H-Bridges can be used with more than motors, but we’ll stick with a high level overview for motors only in this article.

See the H-Bridge Wikipedia article for a good overview

There are various types of integrated circuits that implement H-Bridges that we can easily use in our circuits.   A given h-bridge  must be matched to the motor and power needed, so there are many possible devices to choose from.  In the low power range, two popular choices are:

The SN754410 has a higher power rating, but both are suitable for many small toy DC type motors.  The pin-outs on both ICs are the same, so the SN754410 can be substituted anywhere a L293D is shown (but check power draw on the motors if replacing a SN754410 with a L293D).

Both chips allow control of two motors, 4-36V for the motors, and both have diodes to protect the circuit against back EMF from the motor.  However, the L293D only allows up to 600mA current per motor, whereas the SN754410 allows up to 1A current draw per motor.

In our example circuit, we will use the SN754410.


Both of these chips have diodes in them to protect against Back EMF.  If you use other chips (such as the plain L293), you may need to add diodes to protect the Pi.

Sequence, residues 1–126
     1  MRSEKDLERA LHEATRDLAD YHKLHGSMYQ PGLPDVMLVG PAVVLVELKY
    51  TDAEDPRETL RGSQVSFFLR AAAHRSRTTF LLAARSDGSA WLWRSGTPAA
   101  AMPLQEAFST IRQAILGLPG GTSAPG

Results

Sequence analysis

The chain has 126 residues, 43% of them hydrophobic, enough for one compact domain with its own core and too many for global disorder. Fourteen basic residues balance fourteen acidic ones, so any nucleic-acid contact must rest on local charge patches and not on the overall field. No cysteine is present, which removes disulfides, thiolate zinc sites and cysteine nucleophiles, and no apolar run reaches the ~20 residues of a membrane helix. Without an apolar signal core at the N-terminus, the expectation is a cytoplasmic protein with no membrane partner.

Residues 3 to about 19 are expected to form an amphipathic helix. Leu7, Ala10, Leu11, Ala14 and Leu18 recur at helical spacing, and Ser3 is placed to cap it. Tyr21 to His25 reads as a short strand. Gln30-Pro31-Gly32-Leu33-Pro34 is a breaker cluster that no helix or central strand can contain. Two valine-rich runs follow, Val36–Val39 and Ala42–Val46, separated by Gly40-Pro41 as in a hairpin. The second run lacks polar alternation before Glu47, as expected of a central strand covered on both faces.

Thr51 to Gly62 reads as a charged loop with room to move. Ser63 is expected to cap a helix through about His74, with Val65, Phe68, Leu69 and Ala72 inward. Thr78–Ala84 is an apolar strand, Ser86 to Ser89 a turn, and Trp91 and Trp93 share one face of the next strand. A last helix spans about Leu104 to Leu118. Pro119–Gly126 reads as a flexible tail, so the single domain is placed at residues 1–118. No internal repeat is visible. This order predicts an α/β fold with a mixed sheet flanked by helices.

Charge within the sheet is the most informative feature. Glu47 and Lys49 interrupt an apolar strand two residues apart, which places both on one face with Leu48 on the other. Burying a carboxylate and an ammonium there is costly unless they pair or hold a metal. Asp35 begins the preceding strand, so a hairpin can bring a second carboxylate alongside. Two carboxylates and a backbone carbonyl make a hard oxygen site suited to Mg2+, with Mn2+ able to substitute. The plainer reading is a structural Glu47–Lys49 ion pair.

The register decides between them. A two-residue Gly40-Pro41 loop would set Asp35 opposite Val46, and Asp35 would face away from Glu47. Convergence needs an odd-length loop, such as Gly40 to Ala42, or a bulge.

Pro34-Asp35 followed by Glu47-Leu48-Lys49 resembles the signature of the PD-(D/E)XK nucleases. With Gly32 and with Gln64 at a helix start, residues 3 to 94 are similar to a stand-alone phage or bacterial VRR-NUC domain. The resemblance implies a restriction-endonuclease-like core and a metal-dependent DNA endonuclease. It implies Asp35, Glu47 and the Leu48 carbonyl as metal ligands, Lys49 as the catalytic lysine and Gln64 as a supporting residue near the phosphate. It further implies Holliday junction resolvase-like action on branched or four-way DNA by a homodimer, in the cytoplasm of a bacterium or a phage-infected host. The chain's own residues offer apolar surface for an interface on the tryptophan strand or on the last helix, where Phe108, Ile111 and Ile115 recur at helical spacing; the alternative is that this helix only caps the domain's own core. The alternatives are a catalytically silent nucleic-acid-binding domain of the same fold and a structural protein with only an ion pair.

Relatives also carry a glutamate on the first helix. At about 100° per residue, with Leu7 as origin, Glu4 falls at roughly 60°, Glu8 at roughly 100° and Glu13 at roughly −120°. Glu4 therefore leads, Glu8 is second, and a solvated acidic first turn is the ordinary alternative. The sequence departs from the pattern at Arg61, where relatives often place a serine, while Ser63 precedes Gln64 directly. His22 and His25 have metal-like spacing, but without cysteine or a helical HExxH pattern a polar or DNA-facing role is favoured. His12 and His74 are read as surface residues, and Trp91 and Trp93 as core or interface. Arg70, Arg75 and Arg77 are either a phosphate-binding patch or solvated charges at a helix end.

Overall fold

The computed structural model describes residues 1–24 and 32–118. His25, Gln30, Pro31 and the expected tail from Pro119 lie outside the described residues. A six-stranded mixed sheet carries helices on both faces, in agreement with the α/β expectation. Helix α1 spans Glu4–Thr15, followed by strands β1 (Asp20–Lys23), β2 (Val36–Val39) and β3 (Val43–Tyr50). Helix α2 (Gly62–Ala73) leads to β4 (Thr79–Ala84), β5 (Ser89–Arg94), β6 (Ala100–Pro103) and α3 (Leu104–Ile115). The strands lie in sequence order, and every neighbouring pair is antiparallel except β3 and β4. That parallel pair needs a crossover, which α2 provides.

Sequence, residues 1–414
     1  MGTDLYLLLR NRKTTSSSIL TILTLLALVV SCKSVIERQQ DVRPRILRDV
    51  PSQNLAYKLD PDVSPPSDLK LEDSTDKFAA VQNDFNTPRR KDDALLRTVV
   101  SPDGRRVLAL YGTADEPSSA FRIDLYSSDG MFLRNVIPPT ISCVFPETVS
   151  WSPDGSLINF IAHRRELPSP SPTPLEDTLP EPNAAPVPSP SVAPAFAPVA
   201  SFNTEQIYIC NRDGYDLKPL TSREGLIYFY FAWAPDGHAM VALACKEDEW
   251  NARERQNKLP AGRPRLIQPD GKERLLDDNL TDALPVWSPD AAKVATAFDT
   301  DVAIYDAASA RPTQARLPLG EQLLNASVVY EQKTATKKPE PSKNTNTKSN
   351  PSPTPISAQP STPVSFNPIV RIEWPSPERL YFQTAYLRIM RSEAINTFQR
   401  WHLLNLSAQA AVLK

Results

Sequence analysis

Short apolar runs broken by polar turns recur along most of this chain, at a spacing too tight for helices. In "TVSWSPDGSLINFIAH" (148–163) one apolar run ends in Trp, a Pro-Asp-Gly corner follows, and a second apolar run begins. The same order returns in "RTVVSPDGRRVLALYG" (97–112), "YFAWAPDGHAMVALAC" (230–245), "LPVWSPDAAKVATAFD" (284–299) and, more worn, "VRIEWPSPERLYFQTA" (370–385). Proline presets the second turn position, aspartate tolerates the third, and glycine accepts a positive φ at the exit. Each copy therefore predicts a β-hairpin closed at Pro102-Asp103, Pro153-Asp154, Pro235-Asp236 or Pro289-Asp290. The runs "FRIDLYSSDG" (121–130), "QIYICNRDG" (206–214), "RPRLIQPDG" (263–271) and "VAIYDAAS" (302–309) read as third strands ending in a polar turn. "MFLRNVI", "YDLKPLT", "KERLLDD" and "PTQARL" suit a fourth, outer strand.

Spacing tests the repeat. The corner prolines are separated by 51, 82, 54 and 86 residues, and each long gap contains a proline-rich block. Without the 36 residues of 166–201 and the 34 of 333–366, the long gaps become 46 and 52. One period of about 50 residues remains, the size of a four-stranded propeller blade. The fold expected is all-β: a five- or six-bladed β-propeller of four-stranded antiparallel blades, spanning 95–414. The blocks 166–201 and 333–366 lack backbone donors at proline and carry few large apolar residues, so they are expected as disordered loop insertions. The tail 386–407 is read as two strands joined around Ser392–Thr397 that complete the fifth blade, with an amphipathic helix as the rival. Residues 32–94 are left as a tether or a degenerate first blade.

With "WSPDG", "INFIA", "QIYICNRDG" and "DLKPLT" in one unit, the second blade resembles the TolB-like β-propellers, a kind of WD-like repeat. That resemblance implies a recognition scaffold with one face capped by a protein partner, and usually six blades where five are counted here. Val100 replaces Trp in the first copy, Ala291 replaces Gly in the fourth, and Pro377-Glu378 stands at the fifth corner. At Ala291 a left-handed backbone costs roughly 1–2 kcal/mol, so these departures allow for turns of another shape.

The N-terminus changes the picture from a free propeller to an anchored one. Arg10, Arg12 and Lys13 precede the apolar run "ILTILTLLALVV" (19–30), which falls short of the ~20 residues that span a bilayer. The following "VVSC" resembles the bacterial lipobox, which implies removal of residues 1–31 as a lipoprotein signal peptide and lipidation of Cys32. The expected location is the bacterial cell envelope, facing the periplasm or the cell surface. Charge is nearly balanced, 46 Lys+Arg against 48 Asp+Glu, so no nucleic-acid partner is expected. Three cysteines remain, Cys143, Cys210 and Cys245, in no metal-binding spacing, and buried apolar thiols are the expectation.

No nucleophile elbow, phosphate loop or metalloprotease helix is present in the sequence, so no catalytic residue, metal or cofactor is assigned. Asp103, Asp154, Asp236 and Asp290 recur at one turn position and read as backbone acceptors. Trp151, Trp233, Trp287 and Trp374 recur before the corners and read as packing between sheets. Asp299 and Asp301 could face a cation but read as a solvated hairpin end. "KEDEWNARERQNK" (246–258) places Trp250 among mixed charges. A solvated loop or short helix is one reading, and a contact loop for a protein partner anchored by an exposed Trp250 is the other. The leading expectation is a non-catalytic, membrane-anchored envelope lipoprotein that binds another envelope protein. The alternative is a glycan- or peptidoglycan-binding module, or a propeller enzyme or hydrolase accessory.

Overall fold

H-Bridge Connections

To use the SN754410/L293D, you must connect the following to the chip:

  1. A GPIO pin to enable/disable the motor
  2. Two GPIO pins to control the speed and direction of the motor
  3. The motor leads
  4. Power supply for the motor (4V to 36V)
  5. 5V power supply for the internal logic circuit
  6. Ground

If you want to control two motors, you of course do the above twice (except for the power supplies).

L293D/SN754410 Pin Out looks like this:




Pin Label Connect to Description
1 1,2EN GPIO 26 Used to enable/disable the motor connected to 1Y, 2Y
2 1A GPIO 5 one of two inputs to control speed and direction
3 1Y Motor Lead one of two motor output connections for the first motor
4 GND Heat Sink and Ground Connect all 4 ground pins to ground even if only controlling 1 motor
5 GND Heat Sink and Ground Connect all 4 ground pins to ground even if only controlling 1 motor
6 2Y Motor Lead one of two motor output connections for the first motor
7 2A GPIO 6 one of two inputs to control speed and direction
8 Vcc2 +4.5V to +36V power supply for motor Motor power supply
9 – 15 All Control pins for 2nd motor
16 Vcc1 +5V for logic power supply for internal logic circuit


Example Motor and Power

There are many small DC motors that can be used for learning.  In this example circuit, we used the DC motor in a microservo body that Adafruit sells.  This motor has a nice low power draw, and a slow enough rotation with it’s gearing to use for misc tasks.

While building this circuit myself, I paired it with a 5V power supply, and a barrel plug to drive the motor and connect to pin 8 on the H-bridge, although the DC motor used has a low enough draw that we could have used a microusb power supply instead.

Regardless of what motor you use, make sure you chose a power supply to match the motor, and the motor has <1A current draw when using the SN754410 H-bridge.


Circuit Diagram

Here is the example circuit completed: